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Hi Elangovan, are you asking if as a .NET developer you can learn Go? Sure, why not?

Go is cross platform, compiled to binary code and typed with a garbage collector. In a way is closer to C# than to JavaScript :)

I would suggest these resources to pick it up:

If you use Windows you can install the binary distribution from the official website, if you use macOS you're better off with brew install go, if you use Linux you can probably find Go in your distro's list of packages.

Have fun!


What are all the Additional technologies i should learn along with GO


I think it depends on what you want to create. Go is mostly self contained and the standard library goes far.

The standard library contains various networking server code and among them you have a TLS 1.2 (TLS 1.3 is coming in Go 1.12) HTTP 1.1 and 2.0 production ready web server. JSON parsing, basic routing and templating are builtin as well. Logging is not. Time support in the standard library is great. You can use pkg/errors to wrap the default error handling with simple primitives.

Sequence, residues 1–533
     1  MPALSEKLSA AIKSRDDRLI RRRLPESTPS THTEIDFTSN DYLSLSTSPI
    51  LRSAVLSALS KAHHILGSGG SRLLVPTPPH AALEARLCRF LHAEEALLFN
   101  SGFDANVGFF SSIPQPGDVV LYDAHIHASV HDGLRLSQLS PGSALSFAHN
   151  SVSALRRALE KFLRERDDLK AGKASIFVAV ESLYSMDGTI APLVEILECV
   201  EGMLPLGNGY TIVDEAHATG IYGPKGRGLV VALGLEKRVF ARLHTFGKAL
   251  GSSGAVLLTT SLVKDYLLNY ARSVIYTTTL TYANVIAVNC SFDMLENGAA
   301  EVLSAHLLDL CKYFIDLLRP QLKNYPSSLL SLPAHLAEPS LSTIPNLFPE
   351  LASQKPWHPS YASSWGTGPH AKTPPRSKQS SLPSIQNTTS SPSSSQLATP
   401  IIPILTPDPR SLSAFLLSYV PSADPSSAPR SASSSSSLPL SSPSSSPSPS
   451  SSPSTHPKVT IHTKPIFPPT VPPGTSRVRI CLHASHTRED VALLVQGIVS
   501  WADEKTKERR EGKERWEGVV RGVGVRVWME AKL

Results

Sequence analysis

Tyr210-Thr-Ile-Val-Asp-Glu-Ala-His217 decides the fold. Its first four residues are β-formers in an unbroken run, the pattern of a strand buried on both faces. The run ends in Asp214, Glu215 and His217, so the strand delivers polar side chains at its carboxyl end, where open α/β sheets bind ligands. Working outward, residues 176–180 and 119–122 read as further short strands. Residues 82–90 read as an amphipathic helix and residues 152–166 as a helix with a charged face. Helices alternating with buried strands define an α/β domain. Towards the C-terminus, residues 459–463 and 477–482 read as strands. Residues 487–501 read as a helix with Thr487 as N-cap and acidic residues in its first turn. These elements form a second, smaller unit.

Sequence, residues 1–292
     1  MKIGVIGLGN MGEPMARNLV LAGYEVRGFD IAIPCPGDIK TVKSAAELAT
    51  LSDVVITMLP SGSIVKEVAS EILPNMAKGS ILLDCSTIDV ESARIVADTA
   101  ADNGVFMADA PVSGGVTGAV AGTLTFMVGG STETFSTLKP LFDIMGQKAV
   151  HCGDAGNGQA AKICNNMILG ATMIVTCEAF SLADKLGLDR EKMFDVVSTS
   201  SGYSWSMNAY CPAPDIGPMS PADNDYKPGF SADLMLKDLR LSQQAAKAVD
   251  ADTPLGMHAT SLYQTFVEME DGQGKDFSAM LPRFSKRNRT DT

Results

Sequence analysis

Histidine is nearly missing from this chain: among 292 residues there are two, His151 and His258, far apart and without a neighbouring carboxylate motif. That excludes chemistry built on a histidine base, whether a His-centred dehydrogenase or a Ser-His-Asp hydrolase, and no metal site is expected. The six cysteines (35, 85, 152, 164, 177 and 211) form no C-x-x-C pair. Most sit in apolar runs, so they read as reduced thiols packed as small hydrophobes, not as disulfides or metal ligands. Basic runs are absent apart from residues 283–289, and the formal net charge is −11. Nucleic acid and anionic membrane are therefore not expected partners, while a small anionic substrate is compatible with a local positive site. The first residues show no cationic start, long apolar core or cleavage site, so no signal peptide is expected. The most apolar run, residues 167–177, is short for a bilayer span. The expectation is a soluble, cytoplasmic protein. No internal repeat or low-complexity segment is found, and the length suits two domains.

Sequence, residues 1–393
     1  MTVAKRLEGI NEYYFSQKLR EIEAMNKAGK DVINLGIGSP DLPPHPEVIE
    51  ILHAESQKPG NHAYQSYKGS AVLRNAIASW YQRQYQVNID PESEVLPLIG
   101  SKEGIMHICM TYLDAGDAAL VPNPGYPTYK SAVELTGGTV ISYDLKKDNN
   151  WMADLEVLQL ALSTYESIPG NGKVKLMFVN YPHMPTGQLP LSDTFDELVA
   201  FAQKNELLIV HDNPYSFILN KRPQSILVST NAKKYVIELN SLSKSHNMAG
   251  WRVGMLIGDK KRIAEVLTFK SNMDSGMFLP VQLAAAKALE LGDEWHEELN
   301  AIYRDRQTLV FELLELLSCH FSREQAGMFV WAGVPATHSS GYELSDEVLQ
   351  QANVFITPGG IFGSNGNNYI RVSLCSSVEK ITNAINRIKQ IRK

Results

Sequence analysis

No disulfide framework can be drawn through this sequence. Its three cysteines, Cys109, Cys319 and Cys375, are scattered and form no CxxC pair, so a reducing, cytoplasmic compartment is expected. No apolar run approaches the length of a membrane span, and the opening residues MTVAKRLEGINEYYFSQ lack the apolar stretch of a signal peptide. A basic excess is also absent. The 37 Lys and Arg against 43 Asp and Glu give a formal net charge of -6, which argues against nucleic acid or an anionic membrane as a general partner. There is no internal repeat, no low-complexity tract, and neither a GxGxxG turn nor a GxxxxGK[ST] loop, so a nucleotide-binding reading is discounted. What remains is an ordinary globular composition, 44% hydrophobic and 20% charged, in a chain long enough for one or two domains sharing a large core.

Usually people that are building web apps add at least to it a library like gorilla/mux as a router/dispatcher, logrus or zap for structured logging and secure for standard HTTP security related headers.

You can use builtin support to connect to DBs plus a driver for your DB of choice, a SQL builder like squirrel and migrate for schema migrations.

You'll find anything else through a search engine or awesome-go.


I don't know if Go is a scripting language(Go is a compiled language). As long as you know the era of C language, then it's easy to transition to go.

It's not hard to learn go, you just find the syntax weird, and I get used to it.

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